Meet Nunavik’s only female, Inuk constable

“I always wanted to be a cop since I was a little kid”


Maryam Ilgün on her first day at work with the Kativik Regional Police Force in June 2013. (HANDOUT PHOTO)

Maryam Ilgün on her first day at work with the Kativik Regional Police Force in June 2013. (HANDOUT PHOTO)

Most teenagers aren’t prepared to pick a career as soon as they leave high school.

But Maryam İlgün had barely graduated in Quaqtaq last spring when she picked up the phone and called the Kativik Regional Police Force looking for work.

“I always wanted to be a cop since I was a little kid,” she said, pointing to both an uncle and a cousin who worked as police officers in Nunavik.

“I just thought they were cool,” she laughs.

The 19-year-old with bright red dyed hair was quickly hired to work at Quaqtaq’s police station, mostly doing paperwork and learning about the job from the three other KRPF officers posted in the community.

She occasionally got called out with officers, mostly to respond to complaints about residents being drink and disorderly.

“People were asking me to come rather than other cops,” İlgün said of local calls into the station. “They were already preferring me to other cops.”

That’s no surprise — the KRPF has been working for years to increase the number of Inuit officers on the force, to improve both the communication and comfort of Nunavimmiut who come into contact with local police.

Currently, there are only two Inuit officers working for the force of more than 60.

The KRPF quickly offered to send İlgün south for police training in Nicolet, Quebec, where she is the only Inuk in a classroom full of Cree students.

İlgün is now six weeks into the 14-week program, busy at work learning the criminal code, first aid and physical intervention.

“It’s fun,” she says, although she admits to long days.

İlgün’s course is offered in English, and focused on policing in Aboriginal communities.

It’s also her first time living in a predominantly French-speaking community, where staff from the local Tim Hortons are constantly telling İlgün and her Cree friends to speak French.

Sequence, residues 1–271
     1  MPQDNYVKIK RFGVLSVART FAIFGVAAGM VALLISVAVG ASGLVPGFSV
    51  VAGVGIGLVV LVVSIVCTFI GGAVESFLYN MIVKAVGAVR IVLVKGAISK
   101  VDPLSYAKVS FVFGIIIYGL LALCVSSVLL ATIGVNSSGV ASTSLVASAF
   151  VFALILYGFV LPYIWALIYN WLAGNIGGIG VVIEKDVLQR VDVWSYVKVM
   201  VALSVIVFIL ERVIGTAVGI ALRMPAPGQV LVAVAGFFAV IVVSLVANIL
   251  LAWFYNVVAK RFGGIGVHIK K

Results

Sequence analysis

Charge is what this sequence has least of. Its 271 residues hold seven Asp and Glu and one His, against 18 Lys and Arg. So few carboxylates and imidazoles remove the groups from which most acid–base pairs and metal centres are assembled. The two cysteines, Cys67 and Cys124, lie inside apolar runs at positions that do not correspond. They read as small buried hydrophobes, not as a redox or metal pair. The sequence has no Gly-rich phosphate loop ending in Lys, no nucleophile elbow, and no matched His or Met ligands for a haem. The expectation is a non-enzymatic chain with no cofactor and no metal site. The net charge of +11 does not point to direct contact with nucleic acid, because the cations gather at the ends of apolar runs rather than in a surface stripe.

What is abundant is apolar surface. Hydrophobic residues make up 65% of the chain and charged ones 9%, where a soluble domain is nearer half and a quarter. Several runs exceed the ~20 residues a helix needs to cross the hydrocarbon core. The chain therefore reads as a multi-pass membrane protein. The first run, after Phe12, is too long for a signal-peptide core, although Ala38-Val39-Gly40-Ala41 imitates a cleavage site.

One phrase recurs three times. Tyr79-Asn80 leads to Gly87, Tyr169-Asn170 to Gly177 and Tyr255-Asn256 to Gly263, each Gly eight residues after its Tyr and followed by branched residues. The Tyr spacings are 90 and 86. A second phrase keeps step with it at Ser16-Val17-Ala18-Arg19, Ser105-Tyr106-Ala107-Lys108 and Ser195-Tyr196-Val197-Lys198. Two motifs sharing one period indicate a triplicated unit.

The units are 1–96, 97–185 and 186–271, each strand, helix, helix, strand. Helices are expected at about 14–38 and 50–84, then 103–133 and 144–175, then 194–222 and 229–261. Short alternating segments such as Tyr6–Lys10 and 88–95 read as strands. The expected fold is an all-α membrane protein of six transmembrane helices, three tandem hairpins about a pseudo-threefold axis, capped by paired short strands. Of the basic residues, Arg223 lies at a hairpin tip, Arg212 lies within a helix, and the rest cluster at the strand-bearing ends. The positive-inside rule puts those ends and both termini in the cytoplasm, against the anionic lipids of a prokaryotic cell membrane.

Although she understands spoken French, she says that can be tough, but adds that most of the people she’s met in Nicolet have been friendly.

When asked how she feels about being a female police officer in a field still dominated by men, İlgün shrugs; it’s not something that ever really occurred to her.

She may be the only Inuk in her program, but the majority of students are women.

“I haven’t seen a difference being a woman,” İlgün said. “Maybe when you’re searching someone — some women don’t feel comfortable if a man searches them.”

What seems more important to İlgün is being able to police and serve her own community.

“I don’t know why there aren’t more Inuit in the KRPF,” İlgün said, “I think there should be more.”

“But since I’ve joined, people are telling me ‘I should join too and get on the force.’”

Another friend in Quaqtaq who is still in high school has already told İlgün “don’t quit before I come, I want to be your partner.”

“That feels good,” she said.

İlgün knows that the hard work she’s putting in at college won’t let up once she’s on the force again — crime rates in Nunavik remain high, while the region’s police force has faced three violent stand-offs since the spring.

İlgün happened to join the force at a time when many other officers were handing in their resignations, in the months after KRPF officer Steve Déry was killed on duty in Kuujjuaq earlier this year.

But İlgün says she feels prepared for the job — just last week, her instructors in Nicolet were teaching her about tactical intervention and how to handle potentially violent situations.

“Anything can happen,” İlgün says.

But İlgün knows that by mid-December, she’ll be back at home in Quaqtaq, trained as a special constable, with a job waiting for her.

“I’m going to start right away,” she said, “but hopefully, I don’t have to work Christmas day.”

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